Last December we rented a house for a month in Iznate, a tiny Andalusian village in the province of Malaga. We had been travelling a lot and living out of suit cases and wanted a home base for a while to rest up a bit. We were also expecting family to visit for the holidays, so we needed a big enough place to accommodate everyone. Iznate has only about 800 residents and living among them was a unique experience. When we first arrived in the village we had hired a driver to drop us off. As he was not very familiar with the place he stopped at the first bar in Iznate to ask directions. When he came back out he told us that nobody there spoke any Spanish, only Andalusian. Fortunately the second bar was where the Spanish speaking villagers hang out and we were able to find our new temporary home.
The village was very old, full of narrow, twisty alleys most of them extremely steep. Some streets are simply stairs, 100 steps to bakery every morning! All the villagers seem to be very fit, young ones chasing soccer balls through these alleys and even the elderly still going for their daily walk.
Our house was very old and built in the traditional style, narrow and tall, four floors and a roof terrace. The walls were 2 feet thick, and above the doors and windows you could see the exposed tree branches that frame them. There were all the things you would expect from a very old house; steep, narrow stairs, dodgy plumbing and damp spots on the walls. Staying there felt a bit like camping out all the time, but it totally fit in with that place.
Iznate has a few shops, the bakery of the 100 steps, two grocery stores, a pharmacy, two fish stores which were always closed and three bars. The village keeps traditional hours. Shops are open in the morning followed by a long siesta when the whole village heads to the bars for tapas and to gossip away the afternoon. In the evening some stores opened again for a few hours. This took a few days for us to figure out. Nobody in the village speaks more than a few words of English and our Spanish is not much better, but we all did very good pantomimes!
Even though Iznate is not far from the main highway it felt isolated because the bus only stops twice daily at inconvenient times on weekdays and even less on weekends. Eventually we decided to rent a car which presented its own challenges. The main highway that follows the coast is a 4 sometimes 6 lane freeway, and the secondary roads that connect the villages are twisty but not too narrow and very well maintained. The towns and villages are a different story though. Many streets are so narrow that even tiny European cars have a hard time squeezing through. There is also not very much street parking, and the underground parking garages are extremely tight. I was always happy when we could leave the car somewhere and walk the rest of the way.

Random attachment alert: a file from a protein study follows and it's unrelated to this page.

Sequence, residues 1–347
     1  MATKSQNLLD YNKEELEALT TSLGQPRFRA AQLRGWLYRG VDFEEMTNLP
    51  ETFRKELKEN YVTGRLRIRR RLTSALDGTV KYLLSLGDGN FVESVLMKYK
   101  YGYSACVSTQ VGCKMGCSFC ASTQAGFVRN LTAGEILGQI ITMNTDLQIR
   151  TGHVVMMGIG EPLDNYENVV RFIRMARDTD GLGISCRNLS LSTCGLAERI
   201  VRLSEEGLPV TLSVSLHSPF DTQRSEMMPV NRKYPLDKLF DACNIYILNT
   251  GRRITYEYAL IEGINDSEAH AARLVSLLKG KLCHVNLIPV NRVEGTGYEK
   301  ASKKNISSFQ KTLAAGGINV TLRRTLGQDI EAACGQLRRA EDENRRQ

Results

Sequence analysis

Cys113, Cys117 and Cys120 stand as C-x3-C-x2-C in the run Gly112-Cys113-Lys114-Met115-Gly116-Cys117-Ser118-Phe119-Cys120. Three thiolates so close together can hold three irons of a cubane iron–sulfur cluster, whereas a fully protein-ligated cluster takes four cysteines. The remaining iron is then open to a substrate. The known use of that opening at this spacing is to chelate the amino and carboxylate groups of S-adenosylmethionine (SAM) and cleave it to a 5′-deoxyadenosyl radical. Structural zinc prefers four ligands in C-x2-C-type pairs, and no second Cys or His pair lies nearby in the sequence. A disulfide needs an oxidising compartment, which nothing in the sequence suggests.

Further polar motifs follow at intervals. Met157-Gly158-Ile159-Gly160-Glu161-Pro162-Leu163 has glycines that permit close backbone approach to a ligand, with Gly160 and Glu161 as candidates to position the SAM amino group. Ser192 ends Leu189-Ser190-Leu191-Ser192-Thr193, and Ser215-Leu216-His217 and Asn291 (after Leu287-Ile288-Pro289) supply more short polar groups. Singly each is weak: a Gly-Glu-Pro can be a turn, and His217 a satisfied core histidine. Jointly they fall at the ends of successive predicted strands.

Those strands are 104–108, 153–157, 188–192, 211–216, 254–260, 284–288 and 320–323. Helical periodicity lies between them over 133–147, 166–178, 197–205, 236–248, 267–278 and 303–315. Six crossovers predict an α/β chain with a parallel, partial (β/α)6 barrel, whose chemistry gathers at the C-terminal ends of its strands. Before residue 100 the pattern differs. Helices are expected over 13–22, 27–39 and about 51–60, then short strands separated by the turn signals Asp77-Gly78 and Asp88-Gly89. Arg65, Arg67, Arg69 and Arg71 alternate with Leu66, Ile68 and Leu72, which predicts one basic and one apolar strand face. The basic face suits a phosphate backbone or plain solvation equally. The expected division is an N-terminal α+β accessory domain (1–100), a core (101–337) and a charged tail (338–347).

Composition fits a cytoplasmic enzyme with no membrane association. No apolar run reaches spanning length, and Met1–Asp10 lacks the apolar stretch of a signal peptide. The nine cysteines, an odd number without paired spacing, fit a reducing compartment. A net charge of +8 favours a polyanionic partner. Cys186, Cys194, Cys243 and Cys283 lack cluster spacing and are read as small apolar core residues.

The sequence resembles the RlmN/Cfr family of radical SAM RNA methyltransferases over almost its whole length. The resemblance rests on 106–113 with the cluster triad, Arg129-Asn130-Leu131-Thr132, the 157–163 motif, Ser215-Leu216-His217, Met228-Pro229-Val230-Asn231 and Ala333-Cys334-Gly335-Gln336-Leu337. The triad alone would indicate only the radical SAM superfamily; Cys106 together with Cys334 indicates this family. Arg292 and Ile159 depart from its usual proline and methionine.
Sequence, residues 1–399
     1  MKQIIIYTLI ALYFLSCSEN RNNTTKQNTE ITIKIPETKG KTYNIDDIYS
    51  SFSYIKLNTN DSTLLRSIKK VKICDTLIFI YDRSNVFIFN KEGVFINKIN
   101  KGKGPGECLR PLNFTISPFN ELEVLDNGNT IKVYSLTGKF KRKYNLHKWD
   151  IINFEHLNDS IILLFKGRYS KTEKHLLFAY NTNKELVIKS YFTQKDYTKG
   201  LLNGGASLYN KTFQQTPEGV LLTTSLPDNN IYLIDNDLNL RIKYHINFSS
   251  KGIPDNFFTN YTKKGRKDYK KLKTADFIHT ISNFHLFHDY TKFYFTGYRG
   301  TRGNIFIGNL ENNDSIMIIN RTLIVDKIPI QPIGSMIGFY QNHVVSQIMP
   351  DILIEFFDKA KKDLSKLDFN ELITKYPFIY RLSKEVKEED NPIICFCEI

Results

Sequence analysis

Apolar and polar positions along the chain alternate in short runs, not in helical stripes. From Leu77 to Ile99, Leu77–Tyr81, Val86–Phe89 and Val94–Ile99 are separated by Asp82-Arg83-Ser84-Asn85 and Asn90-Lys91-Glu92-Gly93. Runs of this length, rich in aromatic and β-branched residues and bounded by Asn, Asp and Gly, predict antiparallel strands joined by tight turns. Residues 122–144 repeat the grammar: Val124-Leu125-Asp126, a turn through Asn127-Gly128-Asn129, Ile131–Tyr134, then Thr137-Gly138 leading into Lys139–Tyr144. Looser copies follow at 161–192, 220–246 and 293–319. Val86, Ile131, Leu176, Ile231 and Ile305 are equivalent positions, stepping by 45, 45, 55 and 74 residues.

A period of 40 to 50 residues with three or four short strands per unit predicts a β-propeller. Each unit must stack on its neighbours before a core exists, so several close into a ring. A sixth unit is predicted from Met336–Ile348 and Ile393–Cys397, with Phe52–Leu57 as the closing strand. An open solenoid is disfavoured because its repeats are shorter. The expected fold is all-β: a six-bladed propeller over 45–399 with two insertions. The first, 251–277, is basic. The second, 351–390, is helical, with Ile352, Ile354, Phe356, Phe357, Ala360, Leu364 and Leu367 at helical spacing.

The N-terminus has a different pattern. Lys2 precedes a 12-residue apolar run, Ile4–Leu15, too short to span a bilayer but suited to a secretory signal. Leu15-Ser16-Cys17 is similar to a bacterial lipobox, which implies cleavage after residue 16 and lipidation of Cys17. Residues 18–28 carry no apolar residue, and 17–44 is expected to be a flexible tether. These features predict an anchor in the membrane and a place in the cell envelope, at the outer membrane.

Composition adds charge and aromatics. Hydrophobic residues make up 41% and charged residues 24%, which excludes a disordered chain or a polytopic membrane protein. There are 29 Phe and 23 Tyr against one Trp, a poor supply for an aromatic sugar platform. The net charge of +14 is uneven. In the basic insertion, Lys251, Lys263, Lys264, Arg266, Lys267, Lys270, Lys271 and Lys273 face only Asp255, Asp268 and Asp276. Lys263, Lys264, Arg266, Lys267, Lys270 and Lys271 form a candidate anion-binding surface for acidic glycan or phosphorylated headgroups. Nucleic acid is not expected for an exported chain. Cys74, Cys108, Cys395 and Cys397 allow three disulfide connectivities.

With the car we were able to make several awesome day trips. Malaga City was only about 40 mins away, Granada an hour and a half. We also went to Nerja (46 km), Gibraltar and Ronda from there (both were about a 2 hour drive), and explored the beach towns along that stretch of coast.
The neighboring villages and the countryside here are very beautiful as well. For example the village of Archez has an old tower from the Moorish era that looks straight out of Marocco as well as a very old mill along the little river that flows through the village. The signage there is a little confusing. On the right side of the river the signs to the mill point down a path that is hard to walk and seems to peter out but this actually eventually leads to the ruins of a mill. On the left side there is also a sign and a much better path leading through avocado plantations but you only get to see the building from across the river.
Driving through these hills we learned that different trees are cultivated at different elevations. Iznate is only 300 m above sea level and is surrounded by mango groves. A little higher you find avocado trees, then olives and finally almonds. There are also still a few vineyards mostly for the production of raisins, but this crop is becoming less popular.
To the north of Malaga City lies a large nature reserve, the Parque Natural de los Montes de Malaga. This is a large area of dense pine forests with valleys, waterfalls and 19th century traditional houses. This place is popular with city dwellers who come up here mainly on the weekends for hiking and relaxing meals at the many restaurants or ventas along the road. The place is huge so you hardly see another person while enjoying the fresh mountain air. On our hike we found a grove of cork oaks. It’s fascinating to see how the thick bark regrows again and again after being harvested.
We found our time in this laid back region very relaxing. Maybe you will be able to visit here as well.